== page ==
NOT BUSTED! But there is more to consider. . .
A cold, wet nose is one sign of good health in dogs and cats, however, even a healthy pet can have a warm, dry nose on occasion. On the other hand, really sick pets can also have cold, wet noses. Any one indicator of health is not 100 percent accurate all the time. Any pet experiencing pain or symptoms of illness such as lethargy or not eating should be seen by a veterinarian.
But why do dogs have cold, wet noses anyhow?
Dogs don’t sweat.
They cool down by opening their mouths wide and panting. Some scientists suggest that having cold, wet noses also plays into this cool-down equation. A little moisture on the nose keeps it cooler and therefore helps to cool a dog on hot days.
A dry nose might suggest that the dog is dehydrated, and a warm nose suggests the dog may be running a fever. If this condition persists for more than a day or two, you should head to your vet to have it checked out.
Another reason that dogs have cold, wet noses is because they’re quite fond of licking their noses. Many dogs have long tongues with which they can easily reach their nose; possibly enhancing coolness and transferring moisture to the nose.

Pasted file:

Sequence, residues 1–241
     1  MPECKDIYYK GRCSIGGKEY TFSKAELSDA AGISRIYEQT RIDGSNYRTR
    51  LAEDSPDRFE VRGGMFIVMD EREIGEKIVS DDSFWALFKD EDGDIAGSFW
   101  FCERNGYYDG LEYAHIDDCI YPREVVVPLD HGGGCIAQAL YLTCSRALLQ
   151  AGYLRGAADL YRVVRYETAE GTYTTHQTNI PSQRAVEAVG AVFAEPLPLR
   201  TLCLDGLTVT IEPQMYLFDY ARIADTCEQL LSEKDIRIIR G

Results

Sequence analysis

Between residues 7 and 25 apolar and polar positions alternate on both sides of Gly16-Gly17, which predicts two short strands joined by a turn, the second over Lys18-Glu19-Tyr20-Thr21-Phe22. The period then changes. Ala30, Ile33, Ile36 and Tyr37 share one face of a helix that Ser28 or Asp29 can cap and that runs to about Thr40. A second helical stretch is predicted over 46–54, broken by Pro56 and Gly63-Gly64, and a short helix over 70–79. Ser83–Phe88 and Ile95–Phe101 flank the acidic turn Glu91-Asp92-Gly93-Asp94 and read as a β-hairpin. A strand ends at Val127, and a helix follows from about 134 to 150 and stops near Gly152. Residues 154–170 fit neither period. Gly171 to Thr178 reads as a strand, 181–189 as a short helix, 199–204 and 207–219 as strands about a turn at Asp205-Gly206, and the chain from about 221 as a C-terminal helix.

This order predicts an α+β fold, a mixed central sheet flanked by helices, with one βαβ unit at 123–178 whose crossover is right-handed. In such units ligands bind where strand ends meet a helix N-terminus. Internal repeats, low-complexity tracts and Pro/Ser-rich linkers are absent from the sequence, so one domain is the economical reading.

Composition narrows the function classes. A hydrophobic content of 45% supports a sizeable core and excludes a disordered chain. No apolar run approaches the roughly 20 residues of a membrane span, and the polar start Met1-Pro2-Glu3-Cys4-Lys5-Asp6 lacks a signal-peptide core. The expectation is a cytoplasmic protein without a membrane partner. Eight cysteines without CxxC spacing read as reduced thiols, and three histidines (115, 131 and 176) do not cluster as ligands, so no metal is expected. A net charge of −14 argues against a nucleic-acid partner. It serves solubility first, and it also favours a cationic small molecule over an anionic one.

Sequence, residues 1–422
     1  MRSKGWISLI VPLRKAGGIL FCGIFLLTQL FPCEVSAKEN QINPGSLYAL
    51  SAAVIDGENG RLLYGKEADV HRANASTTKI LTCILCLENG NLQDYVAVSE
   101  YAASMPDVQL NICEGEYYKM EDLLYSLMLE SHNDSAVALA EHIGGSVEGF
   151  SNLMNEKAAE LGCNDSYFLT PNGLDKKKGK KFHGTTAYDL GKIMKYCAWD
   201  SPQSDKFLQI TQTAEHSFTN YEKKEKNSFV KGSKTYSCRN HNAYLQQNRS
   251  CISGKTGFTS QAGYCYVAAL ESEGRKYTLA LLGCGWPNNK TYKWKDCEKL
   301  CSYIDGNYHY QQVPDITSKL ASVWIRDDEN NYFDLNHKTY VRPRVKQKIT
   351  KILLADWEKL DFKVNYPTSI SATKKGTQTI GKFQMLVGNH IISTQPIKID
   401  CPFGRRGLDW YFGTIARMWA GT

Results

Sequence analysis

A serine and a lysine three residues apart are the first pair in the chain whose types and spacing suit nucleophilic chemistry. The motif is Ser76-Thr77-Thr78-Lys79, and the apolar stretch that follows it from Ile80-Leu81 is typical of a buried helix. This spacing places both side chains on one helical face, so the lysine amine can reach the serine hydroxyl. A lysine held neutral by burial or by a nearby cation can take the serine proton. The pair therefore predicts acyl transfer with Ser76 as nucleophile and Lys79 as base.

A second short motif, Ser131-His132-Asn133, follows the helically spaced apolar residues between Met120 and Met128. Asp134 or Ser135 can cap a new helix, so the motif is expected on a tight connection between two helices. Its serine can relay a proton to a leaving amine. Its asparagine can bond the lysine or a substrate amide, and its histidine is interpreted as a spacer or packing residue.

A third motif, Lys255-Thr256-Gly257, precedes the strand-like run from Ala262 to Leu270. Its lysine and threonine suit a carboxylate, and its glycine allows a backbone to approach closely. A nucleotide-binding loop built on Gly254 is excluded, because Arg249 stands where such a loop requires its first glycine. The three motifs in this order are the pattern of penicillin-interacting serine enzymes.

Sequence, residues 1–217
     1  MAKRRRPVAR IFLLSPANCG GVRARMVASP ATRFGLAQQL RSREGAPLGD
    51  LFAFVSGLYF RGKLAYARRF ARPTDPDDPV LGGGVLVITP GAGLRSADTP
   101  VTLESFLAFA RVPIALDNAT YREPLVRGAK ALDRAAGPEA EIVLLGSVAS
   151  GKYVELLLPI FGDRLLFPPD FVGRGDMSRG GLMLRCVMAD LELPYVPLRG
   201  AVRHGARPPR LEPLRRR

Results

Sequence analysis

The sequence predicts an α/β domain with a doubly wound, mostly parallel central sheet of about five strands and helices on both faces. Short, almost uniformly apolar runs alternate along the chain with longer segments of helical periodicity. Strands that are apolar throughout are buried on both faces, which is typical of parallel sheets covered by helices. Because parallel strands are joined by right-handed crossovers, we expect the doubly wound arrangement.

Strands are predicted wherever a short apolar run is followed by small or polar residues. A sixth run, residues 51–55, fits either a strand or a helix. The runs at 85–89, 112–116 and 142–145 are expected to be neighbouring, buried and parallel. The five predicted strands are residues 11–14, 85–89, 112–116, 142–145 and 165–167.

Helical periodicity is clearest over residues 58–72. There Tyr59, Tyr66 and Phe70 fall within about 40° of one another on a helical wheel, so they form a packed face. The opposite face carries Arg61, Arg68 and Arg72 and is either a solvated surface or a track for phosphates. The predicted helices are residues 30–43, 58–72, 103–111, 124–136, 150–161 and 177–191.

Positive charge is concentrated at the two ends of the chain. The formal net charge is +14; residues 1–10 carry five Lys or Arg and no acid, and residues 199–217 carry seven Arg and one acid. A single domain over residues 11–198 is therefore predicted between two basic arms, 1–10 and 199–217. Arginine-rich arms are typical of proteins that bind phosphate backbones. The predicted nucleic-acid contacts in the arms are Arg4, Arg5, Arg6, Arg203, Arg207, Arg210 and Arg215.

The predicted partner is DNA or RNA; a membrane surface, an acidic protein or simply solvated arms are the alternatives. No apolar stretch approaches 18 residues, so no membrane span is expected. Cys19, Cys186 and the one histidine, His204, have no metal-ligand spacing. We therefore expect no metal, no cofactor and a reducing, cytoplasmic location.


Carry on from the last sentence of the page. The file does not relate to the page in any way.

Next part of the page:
After dogs have eaten, they often use their tongues to clean off their noses, particularly after a messy meal. This in turn leads to the cold, wet noses we’ve come to expect in dogs.
An alternate explanation as to why dogs have cold, wet noses may have to do with survival skills, and predate domestication of our furry friends. It’s suggested by some scientists that extra moisture on the nose may increase a dog’s sense of smell.
The tiny molecules that make up a scent can more easily stick to a damp surface. Working dogs especially need great “smelling” skills to herd, find pests, look for missing people, or sniff out illegal substances at airports.
Cold, wet noses may simply be better at smelling things than dry noses.